Mrs. Doremus began a Sabbath service in the city prison which later developed into the Women’s Prison Association which she was connected to for over thirty years. She was one of the founders of the New York House and School of Industry. She was connected to the Nursery and Child’s Hospital which she helped found. She also worked with the Presbyterian Home for Aged Women. She was manager of the City Bible Society for twenty-eight years and manager of the City and Tract Mission Society for thirty-six years.

In 1855 Sarah worked tirelessly to establish the Woman’s Hospital, the first one of its kind in the world. She not only did much of the fund raising and took care of the legal work, but she also visited the sick regularly cheering and comforting them spiritually.

All the while Sarah raised nine children. Her home was active and loving. Though she was busy with charitable activities outside of the home, Sarah was devoted to her family. She painted, designed her own patterns for embroidery, modeling in wax, and working with her children. She also adopted children into her home. She saw to the education of all of her children. Though she was involved in so many organizations she did not let anything interfere with her motherly duties.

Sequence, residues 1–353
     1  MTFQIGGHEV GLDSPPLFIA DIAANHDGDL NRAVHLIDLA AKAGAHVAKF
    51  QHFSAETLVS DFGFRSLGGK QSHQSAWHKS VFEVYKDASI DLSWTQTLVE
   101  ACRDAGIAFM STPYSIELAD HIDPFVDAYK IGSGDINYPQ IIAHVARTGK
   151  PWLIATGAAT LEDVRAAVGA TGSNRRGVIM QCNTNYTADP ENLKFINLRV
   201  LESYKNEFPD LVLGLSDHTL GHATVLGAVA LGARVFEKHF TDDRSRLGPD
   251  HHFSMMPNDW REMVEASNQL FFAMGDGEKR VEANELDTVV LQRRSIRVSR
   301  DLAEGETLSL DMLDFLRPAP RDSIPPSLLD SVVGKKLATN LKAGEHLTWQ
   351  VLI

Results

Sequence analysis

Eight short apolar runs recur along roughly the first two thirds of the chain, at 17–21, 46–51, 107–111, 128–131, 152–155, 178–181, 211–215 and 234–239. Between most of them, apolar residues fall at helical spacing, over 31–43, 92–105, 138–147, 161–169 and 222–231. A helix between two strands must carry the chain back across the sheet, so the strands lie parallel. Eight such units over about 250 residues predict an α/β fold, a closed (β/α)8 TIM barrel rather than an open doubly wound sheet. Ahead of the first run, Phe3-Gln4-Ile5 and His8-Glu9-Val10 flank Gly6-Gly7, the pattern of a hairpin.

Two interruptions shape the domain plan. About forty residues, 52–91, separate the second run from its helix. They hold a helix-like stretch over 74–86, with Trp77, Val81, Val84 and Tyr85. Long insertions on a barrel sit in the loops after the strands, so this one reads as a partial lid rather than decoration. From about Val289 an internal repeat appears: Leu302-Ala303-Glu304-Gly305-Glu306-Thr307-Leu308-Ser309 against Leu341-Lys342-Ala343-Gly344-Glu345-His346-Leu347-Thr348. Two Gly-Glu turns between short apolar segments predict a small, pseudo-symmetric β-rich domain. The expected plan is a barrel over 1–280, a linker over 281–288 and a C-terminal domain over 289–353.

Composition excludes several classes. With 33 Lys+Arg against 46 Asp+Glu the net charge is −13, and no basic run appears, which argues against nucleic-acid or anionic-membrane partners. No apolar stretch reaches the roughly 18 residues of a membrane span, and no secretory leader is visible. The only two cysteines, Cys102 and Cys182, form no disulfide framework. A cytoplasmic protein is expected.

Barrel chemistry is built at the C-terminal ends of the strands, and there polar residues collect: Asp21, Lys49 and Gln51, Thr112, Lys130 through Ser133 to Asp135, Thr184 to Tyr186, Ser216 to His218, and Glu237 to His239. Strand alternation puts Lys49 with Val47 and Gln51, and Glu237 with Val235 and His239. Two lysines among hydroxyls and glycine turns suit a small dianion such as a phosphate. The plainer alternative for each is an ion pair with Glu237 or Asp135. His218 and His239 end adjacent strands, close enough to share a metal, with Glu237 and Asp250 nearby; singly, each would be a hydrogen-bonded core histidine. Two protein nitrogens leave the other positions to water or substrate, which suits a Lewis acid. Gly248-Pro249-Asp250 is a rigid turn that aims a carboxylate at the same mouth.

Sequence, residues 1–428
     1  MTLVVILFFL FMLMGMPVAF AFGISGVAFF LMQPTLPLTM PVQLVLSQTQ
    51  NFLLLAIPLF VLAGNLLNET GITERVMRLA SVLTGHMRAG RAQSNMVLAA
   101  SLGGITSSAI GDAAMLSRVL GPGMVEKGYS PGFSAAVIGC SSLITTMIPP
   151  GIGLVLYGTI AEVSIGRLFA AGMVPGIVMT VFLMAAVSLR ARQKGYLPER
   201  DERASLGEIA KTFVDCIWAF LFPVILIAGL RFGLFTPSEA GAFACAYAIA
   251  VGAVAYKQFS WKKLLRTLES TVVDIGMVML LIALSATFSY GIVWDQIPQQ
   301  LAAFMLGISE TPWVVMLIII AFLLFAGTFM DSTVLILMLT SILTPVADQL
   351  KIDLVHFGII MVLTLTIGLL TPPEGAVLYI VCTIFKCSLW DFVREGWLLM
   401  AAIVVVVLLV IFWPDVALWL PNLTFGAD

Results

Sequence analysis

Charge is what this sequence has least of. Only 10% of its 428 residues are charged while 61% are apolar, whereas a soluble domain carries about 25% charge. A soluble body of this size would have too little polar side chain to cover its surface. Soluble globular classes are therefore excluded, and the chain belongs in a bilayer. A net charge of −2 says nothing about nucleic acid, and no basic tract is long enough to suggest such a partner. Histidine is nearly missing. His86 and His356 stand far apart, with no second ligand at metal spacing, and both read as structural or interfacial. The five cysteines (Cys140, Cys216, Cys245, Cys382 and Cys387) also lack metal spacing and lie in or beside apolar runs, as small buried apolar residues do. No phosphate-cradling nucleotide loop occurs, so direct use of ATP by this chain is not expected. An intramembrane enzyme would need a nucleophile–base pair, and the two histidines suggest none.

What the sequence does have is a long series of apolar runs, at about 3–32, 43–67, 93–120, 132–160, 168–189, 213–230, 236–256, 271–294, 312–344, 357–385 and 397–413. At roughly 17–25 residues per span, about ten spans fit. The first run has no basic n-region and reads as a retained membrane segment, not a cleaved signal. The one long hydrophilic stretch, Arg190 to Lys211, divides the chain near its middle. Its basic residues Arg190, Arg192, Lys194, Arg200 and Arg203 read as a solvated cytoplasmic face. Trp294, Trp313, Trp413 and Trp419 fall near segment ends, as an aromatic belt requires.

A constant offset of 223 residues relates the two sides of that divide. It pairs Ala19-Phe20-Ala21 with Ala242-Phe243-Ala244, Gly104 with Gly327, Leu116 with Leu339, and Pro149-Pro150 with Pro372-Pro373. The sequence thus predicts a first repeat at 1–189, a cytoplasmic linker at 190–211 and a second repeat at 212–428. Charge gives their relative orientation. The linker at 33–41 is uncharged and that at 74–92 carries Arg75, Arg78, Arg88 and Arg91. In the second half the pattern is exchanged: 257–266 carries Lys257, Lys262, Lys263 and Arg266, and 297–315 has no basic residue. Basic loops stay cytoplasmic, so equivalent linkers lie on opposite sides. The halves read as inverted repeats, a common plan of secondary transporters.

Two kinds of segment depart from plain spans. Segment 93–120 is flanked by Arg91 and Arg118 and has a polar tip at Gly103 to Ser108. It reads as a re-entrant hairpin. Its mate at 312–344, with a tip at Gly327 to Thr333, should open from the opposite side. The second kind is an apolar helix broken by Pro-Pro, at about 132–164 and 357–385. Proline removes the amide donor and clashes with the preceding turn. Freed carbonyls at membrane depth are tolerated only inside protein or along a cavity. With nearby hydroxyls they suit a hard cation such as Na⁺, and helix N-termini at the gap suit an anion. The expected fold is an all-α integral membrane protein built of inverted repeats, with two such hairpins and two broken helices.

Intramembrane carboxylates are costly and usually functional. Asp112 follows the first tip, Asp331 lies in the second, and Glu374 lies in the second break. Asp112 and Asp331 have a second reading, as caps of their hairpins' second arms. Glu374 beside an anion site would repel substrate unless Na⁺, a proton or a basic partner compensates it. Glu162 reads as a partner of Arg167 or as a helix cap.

How was one woman able to do all of this? Mrs. Gracey, a missionary herself, tells us:

Much of what she accomplished was due to a very rare combination of endowments. She had power to lay great plans and organize grand movements, a marvelous memory, and a talent for details. Nothing was too trivial to be made use of if it would aid in perfecting the organization, and to her latest day her memory was true to its trust for dates and incidents, every one accurate and thoroughly at her command, and all used  for the benefit and comfort of others.                                 Annie Ryder Gracey

In spite of being involved in enough charity work for any three or four women, as soon as Sarah heard the pleas of Mrs. Mason she was ready to try and form a missionary society to aid the women in foreign lands. This was how the Woman’s Union Missionary Society came into being.

Woman's Union Missionary Society

Woman’s Union Missionary Society

The Woman’s Union Missionary Society included all denominations. The women concentrated on the Gospel and did not want to be sectarian. Because of this they worked independently of church mission boards. The church mission boards were still uneasy about sending out single women but women were desperately needed in missions. The Society’s aim was to send unmarried women abroad to serve as teachers and missionaries who would enter homes carrying the Gospel to those who could not receive it any other way.